Improving passenger experience…today!

Changes to airport infrastructure can be slow and complex, often to the detriment of the passenger experience.

How can airports identify flexible assets and gain small wins to surprise and delight their passengers, without waiting for the next big investment?

Airports and airlines are hitting new passenger number records more and more frequently, pushing airport infrastructure and services to maximum capacity. According to NATS, 2018 had the busiest air traffic in history.

This puts airport operations under more pressure than it is designed to deal with, and no extra capacity when things go wrong. It becomes a vicious cycle – grumpy passengers = grumpy staff = bad passenger experience.

Airports have recognized they need to improve capacity long-term, with many planning investment programmes from 5 to 30 years. This is all good and well, but airports can’t rely on billion-pound, long-term developments to be their only customer experience improvements.


Part of this is a behavioural challenge – in the moment of travel, today’s passengers aren’t concerned with the passengers of tomorrow, or even their own future experiences.

Passengers are excited about starting their holiday or catching their business flight to depart as quickly and easily as possible.

They see airport construction as creating difficulties in their immediate journey, rather than recognising it as something that will benefit them ‘one day’.

In behavioural economics this is known as hyperbolic discounting: passengers would prefer a good experience today, rather than a worse experience today for future benefits. However, there is opportunity for airports within this as it affirms a ‘short wins’ approach to improving experience.

Airports, particularly those serving short-haul destinations, tend to have higher highs and lower lows – extreme flux between busy and non-busy periods. This operational complexity makes it difficult to deliver a consistent passenger experience.

Major infrastructure like airports and stations must be planned years in advance. In aviation 20-year development plans are not uncommon. However, the danger is that such long-term developments are in risk of already being outdated by the time they are built.

How can long-term plans ingrain flexibility for future passenger and operational needs? This is where understanding fixed vs flexible assets, and how to leverage flexible assets over time, could be the difference between an average, good and great experience.

This poses the question:

What can airports do today, not in 5, 10 or 20 years, that will make immediate improvements to the passenger experience?

Understanding operational and passenger pain points are just as critical as understanding where things are going well. Taking a design thinking approach can help you map the end-to-end experience, and map how back of house and passenger experience are integrated.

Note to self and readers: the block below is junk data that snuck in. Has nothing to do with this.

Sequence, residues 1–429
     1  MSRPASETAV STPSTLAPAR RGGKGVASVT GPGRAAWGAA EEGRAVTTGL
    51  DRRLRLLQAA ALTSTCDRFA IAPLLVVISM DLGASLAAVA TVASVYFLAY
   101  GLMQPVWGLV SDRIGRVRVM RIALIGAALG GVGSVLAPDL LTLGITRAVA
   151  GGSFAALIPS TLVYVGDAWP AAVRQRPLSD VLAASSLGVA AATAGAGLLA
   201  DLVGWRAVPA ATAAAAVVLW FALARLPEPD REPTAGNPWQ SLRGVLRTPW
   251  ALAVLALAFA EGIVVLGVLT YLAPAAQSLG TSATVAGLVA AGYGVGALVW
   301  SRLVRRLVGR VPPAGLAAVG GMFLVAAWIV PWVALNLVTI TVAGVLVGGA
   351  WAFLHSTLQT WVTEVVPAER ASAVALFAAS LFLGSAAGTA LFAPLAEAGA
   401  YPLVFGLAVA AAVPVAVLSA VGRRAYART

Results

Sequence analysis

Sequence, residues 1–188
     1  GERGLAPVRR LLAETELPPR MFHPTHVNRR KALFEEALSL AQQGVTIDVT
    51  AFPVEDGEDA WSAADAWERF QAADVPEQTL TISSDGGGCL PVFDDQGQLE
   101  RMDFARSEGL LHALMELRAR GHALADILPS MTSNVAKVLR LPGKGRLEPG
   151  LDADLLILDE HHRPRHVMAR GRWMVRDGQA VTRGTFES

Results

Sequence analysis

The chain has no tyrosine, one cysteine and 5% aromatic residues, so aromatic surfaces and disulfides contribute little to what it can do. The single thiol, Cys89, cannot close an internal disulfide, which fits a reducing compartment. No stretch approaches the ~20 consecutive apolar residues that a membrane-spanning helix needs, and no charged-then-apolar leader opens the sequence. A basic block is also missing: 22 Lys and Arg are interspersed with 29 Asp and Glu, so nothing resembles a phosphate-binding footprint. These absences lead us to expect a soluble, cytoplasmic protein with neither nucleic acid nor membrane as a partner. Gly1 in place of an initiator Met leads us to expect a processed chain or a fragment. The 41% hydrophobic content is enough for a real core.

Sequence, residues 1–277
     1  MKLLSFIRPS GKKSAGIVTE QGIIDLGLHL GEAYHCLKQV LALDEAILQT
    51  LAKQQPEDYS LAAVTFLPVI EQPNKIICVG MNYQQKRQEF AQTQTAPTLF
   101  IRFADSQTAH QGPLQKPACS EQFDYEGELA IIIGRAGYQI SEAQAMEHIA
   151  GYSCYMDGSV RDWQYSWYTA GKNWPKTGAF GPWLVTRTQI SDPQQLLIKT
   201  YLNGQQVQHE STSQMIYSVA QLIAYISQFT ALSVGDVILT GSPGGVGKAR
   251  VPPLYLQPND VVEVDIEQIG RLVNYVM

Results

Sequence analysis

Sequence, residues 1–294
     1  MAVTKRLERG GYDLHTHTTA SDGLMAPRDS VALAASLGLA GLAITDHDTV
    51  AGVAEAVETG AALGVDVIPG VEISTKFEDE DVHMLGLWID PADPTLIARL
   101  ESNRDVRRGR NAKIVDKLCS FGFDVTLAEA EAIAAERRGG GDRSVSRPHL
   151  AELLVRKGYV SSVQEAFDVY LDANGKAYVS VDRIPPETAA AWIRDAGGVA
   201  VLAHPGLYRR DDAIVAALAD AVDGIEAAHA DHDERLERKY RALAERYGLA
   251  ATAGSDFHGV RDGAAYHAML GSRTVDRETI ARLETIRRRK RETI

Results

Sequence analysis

Operationally, airports have many stakeholders. Immigration, biosecurity and a multitude of processes regulated by stakeholders have little flexibility in procedure and infrastructure. However, the flexibility comes from what’s around these processes, such as improving commercial and digital services.

Think laterally. How can you follow a pain point with a high point? The largest gains come from giving passengers ‘surprise and delight’ moments where they least expect it. In Singapore, Changi famously offers a city bus tour for passengers on a long layover. For many passengers this is unexpected (“I can leave the airport?”) and a considerate way to break a long wait.

The value of human touch shouldn’t be underestimated. Airports are becoming increasingly digital places, but good or new technology doesn’t automatically equal a good experience. In fact, people place higher value on good interactions with others than they do with tech. A great example of this in practice is Schiphol Airport’s security trial using nannies who help parents with children through security.

Source: Changi Airport

Think about expectations – poor experience is the gap between expectation and perception of the actual – passengers don’t like a long walking route if they didn’t expect it and the airport didn’t help them know what was coming.  At Dublin Airport, we helped them map their future experience vision and identify where flexible assets could have the most significant positive impact on their passenger experience, both now and in the future.

Key to finding marginal gains and quick wins is understanding the experience of the airport for all passengers and to have a vision for experience. This gives you the foundation that can then be translated into actions for today – how can the future passenger experience be cultivated in small, surprise-and-delight moments now?

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David Watts

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